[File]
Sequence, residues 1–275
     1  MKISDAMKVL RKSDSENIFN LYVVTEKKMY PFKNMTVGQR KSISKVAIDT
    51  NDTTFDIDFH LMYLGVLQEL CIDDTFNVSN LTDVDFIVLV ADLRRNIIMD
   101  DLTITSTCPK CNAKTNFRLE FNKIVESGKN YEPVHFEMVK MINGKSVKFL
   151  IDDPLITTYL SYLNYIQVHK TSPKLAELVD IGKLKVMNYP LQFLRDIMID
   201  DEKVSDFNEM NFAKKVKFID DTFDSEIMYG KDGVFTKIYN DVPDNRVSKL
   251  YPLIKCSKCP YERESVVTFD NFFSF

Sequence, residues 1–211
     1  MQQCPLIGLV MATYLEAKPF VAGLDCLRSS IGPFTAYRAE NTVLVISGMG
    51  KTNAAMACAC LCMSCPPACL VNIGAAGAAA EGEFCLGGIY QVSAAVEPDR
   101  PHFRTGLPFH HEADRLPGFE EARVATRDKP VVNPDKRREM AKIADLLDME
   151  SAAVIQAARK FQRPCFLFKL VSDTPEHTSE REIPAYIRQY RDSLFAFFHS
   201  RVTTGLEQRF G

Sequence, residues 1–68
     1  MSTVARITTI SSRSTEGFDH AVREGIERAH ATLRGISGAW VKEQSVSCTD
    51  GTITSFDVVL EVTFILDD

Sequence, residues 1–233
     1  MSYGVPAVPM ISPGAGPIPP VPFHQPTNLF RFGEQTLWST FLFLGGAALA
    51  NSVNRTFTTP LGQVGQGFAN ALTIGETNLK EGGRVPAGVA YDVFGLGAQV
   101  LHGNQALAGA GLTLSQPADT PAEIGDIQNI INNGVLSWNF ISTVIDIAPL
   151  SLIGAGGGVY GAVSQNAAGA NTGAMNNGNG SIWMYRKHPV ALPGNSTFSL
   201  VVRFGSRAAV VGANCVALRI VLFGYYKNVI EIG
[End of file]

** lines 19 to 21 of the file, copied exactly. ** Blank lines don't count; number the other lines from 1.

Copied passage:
    51  NSVNRTFTTP LGQVGQGFAN ALTIGETNLK EGGRVPAGVA YDVFGLGAQV
   101  LHGNQALAGA GLTLSQPADT PAEIGDIQNI INNGVLSWNF ISTVIDIAPL
   151  SLIGAGGGVY GAVSQNAAGA NTGAMNNGNG SIWMYRKHPV ALPGNSTFSL